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Exploring Photogrammetry & Topographical Mapping

Construction and civil engineering firms are increasingly turning to drones to gather data that was previously prohibitively expensive and difficult to obtain. Companies are choosing to either invest in the technology and training in-house, or outsource the process to consulting firms, thus freeing themselves from the tedium of collecting data and allowing them to better focus their efforts on analyzing the output.

Unmanned aerial vehicles (UAV), or drones, make the acquisition of geo-referenced aerial images more efficient than ever. In addition to cost savings, companies implementing survey-grade drones also benefit by reducing risks to survey teams, especially along congested transport routes and in unstable environments like those often found around mines.

Accuracy down to 1-2 inches is possible, without the need for ground control points. Survey-grade drones are typically capable of receiving in-flight data corrections from a base operator for further refinement.


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Data Capture via Drone

Depending upon the application, either high-resolution cameras or lasers are deployed to capture essential data. Once the ground sampling distance is identified, the flight altitude of the drone is set automatically. Calculations define flight lines and where each image is to be captured. The landing zone is also pre-defined to bring the autonomous flight to a safe conclusion. Specialized flight control software makes it possible to monitor progress make any necessary flight plan alterations.

Camera-based Systems

The process of taking measurements from photographs is called photogrammetry. Using appropriate software, images of land masses are converted into maps, 3D models or drawings. In aerial UAV photogrammetry, a drone captures overlapping images using waypoint navigation technology, which provides the precise flight path essential in this type of imaging. Specialized software integrates the overlapping images into one. Further processing converts the image into the desired map of 3D model.

Laser-based Systems

LiDAR sensors use lasers for 3D mapping by bouncing extremely focused beams of light off of real-world objects like land masses. LiDAR stands for Light Detection and Ranging. Lasers quickly and efficiently measure variable distances such as from a drone to the earth below. In the past, laser arrays were mounted on helicopters, planes or satellites to collect required surveying and mapping data.

Now, drone technology makes this type data gathering less costly and more precise. As a LiDAR-equipped drone makes precise passes over selected terrain, tens or hundreds of millions of data points are gathered. On the ground, software filters out vegetation data to allow for precision terrain mapping. Ultimately, impressive 3D topographic mapping with resolutions down to 1-3 inches per pixel is possible.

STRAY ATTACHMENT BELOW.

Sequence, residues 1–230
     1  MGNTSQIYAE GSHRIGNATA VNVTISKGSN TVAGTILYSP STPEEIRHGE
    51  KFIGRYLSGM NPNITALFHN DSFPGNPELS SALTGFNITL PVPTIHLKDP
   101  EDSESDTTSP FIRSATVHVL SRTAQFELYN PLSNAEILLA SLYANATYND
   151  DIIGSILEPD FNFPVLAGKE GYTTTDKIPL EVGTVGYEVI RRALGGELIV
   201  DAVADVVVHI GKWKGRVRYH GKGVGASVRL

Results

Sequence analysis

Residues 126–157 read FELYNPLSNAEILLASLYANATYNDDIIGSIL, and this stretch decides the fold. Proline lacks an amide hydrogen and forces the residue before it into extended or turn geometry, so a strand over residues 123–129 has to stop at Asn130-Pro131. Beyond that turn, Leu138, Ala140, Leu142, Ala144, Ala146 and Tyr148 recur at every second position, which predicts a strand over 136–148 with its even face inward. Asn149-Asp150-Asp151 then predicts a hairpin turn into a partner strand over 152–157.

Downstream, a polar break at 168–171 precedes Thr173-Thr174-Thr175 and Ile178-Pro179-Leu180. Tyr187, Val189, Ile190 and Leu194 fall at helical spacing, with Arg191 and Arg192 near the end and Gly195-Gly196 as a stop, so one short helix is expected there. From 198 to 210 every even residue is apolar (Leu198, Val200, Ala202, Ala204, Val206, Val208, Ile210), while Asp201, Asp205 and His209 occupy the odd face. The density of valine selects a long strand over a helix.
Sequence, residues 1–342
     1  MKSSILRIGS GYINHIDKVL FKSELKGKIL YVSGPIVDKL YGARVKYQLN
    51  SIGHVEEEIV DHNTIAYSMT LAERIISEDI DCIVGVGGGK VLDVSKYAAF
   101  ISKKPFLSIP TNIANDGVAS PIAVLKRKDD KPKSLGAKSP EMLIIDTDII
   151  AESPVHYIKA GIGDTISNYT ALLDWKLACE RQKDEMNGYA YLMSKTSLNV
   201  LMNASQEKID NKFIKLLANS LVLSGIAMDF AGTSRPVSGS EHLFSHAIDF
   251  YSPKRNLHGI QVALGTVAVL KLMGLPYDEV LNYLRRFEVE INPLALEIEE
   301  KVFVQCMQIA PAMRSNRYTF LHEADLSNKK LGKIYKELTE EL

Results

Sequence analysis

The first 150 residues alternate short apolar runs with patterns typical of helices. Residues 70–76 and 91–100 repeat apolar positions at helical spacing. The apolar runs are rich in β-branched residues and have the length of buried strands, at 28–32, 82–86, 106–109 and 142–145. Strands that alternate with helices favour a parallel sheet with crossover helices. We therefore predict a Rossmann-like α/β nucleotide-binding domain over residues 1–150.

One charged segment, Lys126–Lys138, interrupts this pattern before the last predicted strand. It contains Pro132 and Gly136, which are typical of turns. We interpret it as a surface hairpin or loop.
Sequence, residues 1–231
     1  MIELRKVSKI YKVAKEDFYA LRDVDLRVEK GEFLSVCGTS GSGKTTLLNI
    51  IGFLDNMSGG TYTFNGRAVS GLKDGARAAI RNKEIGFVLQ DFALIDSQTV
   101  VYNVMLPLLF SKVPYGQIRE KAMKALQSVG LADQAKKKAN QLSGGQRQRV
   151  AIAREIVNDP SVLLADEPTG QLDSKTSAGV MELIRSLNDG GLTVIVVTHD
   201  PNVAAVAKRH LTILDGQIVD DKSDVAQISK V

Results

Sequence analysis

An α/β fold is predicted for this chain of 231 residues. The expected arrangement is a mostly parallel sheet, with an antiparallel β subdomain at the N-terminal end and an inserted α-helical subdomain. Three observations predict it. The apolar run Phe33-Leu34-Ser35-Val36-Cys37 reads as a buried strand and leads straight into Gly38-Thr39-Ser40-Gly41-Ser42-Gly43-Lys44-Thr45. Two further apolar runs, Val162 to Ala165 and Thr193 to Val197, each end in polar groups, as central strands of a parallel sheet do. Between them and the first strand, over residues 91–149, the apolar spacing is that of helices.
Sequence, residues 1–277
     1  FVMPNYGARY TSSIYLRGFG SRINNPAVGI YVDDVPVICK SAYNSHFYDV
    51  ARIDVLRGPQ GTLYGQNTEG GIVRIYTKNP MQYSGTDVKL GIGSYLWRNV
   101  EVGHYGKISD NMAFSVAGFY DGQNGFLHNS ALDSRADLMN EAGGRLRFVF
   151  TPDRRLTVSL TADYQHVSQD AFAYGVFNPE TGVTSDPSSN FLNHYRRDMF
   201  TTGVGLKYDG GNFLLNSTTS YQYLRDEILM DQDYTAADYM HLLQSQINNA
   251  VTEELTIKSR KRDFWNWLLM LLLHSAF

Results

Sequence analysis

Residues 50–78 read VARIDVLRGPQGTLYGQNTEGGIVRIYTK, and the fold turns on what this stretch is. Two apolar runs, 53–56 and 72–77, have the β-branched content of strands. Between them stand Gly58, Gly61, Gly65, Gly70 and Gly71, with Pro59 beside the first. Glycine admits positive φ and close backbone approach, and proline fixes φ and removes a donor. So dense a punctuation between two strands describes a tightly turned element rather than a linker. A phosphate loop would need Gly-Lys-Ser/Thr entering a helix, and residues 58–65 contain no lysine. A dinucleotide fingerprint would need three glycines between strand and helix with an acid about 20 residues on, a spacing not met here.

When drones are deployed to survey terrain, an onboard SD card typically stores images and flight log information, and images are automatically geo-tagged. A quality report can verify the integrity of the coverage.

Choosing the Right Drone

Both quadcopters and fixed wing UAVs are used for aerial mapping and surveying. So-called vertical takeoff and landing (VTOL) drones combine the increased payload capacity and greater range of fixed wing drones with the exceptional agility of quadcopters. VTOL drones have been used in the military and for delivering medical supplies in challenging environments.

Recently, researchers at the Delft University of Technology released a prototype UAV which combines the strengths of both technologies. As the prototype VTOL drone reaches its desired height, the propeller shifts to face forward so that speeds of up to 66 mph are possible. The 10,000 MaH battery provides up to 60 minutes per charge. The 8.8-pound device uses inertial measurement unit (IMU) and GPS to track its position. It also includes obstacle avoidance technology.

New Technology Meets Ancient Architecture

angkor wat CambodiaThe use of LiDAR sensors is ideal in settings where dense vegetation would ordinarily interfere with camera-based mapping of the underlying land mass. LiDAR’s capacity to “see” through dense forest is dramatically illustrated when archeologists used a laser-based system to locate and subsequently map areas just outside the temple walls of Angkor Wat in Cambodia.

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About the Author

Adam Shore

Adam is a Central Florida alum who recently left the Orlando area to relocate to Denver, where he enjoys shooting aerial photography of the Rocky Mountains. And to ski. He is a member of the AMA and was been a drone photographer since the early days of the industry. Follow him @dronegenuity.